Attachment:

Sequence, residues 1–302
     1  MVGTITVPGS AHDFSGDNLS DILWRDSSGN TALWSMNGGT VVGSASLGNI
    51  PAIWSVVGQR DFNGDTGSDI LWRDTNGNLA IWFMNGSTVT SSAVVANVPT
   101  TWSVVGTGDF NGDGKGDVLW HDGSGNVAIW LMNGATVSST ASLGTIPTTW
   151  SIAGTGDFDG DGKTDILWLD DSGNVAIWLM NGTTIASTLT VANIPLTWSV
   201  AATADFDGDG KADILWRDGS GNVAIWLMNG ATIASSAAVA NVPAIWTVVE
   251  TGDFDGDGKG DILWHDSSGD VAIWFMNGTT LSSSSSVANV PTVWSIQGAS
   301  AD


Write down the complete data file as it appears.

Sequence, residues 1–302
     1  MVGTITVPGS AHDFSGDNLS DILWRDSSGN TALWSMNGGT VVGSASLGNI
    51  PAIWSVVGQR DFNGDTGSDI LWRDTNGNLA IWFMNGSTVT SSAVVANVPT
   101  TWSVVGTGDF NGDGKGDVLW HDGSGNVAIW LMNGATVSST ASLGTIPTTW
   151  SIAGTGDFDG DGKTDILWLD DSGNVAIWLM NGTTIASTLT VANIPLTWSV
   201  AATADFDGDG KADILWRDGS GNVAIWLMNG ATIASSAAVA NVPAIWTVVE
   251  TGDFDGDGKG DILWHDSSGD VAIWFMNGTT LSSSSSVANV PTVWSIQGAS
   301  AD